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<!DOCTYPE HTML>
<HEAD><TITLE>Surface Evolver Documentation - Newsletter 20</title>
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<a   id="newsletter-19"></a>
<h1>Surface Evolver Newsletter no. 20</h1>
<a href="evolver.htm#doc-top">Back to top of Surface Evolver documentation.</a>
<hr><pre>

                         Surface Evolver Newsletter 20 
                              January 1, 2008
                     by Ken Brakke, brakke@susqu.edu


Surface Evolver version 2.30 available for download at
http://www.susqu.edu/brakke/evolver.
This is the first release since version 2.26 in August, 2005.

For those who compile Evolver themselves, the same makefile may be used.

New features in version 2.30:

Clip view:
  The graphics display now has user-controlled clipping planes, so you
  can see inside your surface.  In the OpenGL graphics window, if you 
  hit the 'l' key (lower case 'L'), a clipping plane will appear. Dragging 
  the mouse will translate the clipping plane, and hitting 'k' will let you 
  rotate the clipping plane.  See "clip view" in the documentation for more.

Slice view:
  There is also a slice view mode, that works like clip view, except it
  produces a two-dimensional cross-section of the surface.  To initiate it,
  use the "slice_view" toggle command; thereafter the 'l' and 'k' keys
  control the mouse mode.

Movie viewer:
  For scrolling through stages of an evolution in full 3D fashion, I have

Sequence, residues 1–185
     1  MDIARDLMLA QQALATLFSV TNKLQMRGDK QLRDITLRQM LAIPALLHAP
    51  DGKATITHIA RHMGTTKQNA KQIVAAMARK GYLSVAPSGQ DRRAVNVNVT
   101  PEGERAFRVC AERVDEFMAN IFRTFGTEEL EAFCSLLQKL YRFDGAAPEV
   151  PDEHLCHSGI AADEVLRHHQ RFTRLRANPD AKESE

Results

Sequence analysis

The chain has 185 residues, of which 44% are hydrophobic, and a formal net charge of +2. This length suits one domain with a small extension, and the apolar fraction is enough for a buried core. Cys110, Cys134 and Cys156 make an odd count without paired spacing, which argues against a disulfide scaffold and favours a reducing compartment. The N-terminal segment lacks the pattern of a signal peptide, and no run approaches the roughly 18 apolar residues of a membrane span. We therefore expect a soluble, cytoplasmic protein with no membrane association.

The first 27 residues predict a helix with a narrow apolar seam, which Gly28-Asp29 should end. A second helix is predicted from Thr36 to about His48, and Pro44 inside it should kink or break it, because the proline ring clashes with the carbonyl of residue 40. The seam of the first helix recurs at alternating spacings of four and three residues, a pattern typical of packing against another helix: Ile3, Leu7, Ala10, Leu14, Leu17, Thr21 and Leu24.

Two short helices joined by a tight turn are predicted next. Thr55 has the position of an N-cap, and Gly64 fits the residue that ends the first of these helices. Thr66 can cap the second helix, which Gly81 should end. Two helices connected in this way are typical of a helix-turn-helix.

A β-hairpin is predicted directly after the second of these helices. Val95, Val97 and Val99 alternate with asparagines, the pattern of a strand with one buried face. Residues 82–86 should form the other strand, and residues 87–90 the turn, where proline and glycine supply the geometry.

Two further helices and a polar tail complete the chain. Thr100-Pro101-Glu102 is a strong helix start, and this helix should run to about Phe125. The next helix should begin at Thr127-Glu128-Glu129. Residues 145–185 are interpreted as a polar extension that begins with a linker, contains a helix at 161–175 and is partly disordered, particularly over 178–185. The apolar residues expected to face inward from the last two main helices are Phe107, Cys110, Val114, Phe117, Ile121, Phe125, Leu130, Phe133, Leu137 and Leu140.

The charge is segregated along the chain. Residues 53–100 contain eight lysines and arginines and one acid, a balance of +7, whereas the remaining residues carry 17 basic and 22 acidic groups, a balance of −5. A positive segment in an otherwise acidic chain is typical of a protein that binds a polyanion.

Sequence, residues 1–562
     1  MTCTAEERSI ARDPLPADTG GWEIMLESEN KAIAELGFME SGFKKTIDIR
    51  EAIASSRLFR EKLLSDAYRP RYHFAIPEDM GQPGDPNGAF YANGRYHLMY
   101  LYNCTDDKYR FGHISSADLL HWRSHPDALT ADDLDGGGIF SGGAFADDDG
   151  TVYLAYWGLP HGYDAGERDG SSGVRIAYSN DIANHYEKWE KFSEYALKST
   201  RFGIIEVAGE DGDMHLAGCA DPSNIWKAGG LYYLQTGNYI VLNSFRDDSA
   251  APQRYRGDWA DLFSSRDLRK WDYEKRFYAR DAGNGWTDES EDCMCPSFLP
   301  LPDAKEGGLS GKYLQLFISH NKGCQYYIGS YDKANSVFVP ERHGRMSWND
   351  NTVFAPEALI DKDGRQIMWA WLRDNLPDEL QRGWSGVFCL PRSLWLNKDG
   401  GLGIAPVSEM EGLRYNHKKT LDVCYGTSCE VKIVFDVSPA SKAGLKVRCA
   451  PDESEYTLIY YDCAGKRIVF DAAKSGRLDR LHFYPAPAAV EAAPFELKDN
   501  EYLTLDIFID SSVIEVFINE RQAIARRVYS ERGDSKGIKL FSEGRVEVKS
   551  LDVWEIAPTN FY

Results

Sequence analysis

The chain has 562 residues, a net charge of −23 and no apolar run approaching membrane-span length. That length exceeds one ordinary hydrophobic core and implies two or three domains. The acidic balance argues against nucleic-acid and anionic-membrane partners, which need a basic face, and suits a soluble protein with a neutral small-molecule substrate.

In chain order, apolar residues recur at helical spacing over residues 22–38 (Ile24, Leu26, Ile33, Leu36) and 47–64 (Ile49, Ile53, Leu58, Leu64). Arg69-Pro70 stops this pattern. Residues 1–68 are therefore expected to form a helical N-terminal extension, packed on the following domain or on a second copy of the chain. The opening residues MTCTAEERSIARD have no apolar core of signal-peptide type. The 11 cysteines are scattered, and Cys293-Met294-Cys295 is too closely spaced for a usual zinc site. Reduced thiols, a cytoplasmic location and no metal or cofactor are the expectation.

written a program "evmovie" that reads simple geometry files and makes
  an Evolver-like display, so you can manipulate the surface with the mouse
  (with clipping plane!) and scroll through the files.  It can handle
  hundreds or even thousands of files pretty smoothly.  There is a new
  Evolver command "binary_off_file" for producing files for evmovie.
  To download and see documentation, go to
  http://www.susqu.edu/brakke/evmovie.

Loading multiple surfaces:
  The "addload" command will load a new datefile without deleting the
  current surface.  Good for building up a surface from several component
  parts, particularly if one componont is repeated in multiple places.
  See the addload_example.fe datafile in the distribution for an example.

Graphics text:
  You can display simple text in graphics (OpenGL and PostScript graphics,
  anyway). Syntax:

     text_id := display_text(x,y,string)

  The x,y coordinates of the start of the string are in window units, i.e.
  the window coordinates run from (0,0) in the lower left to (1,1) in the
  upper right. The return value should be saved in a variable in case you want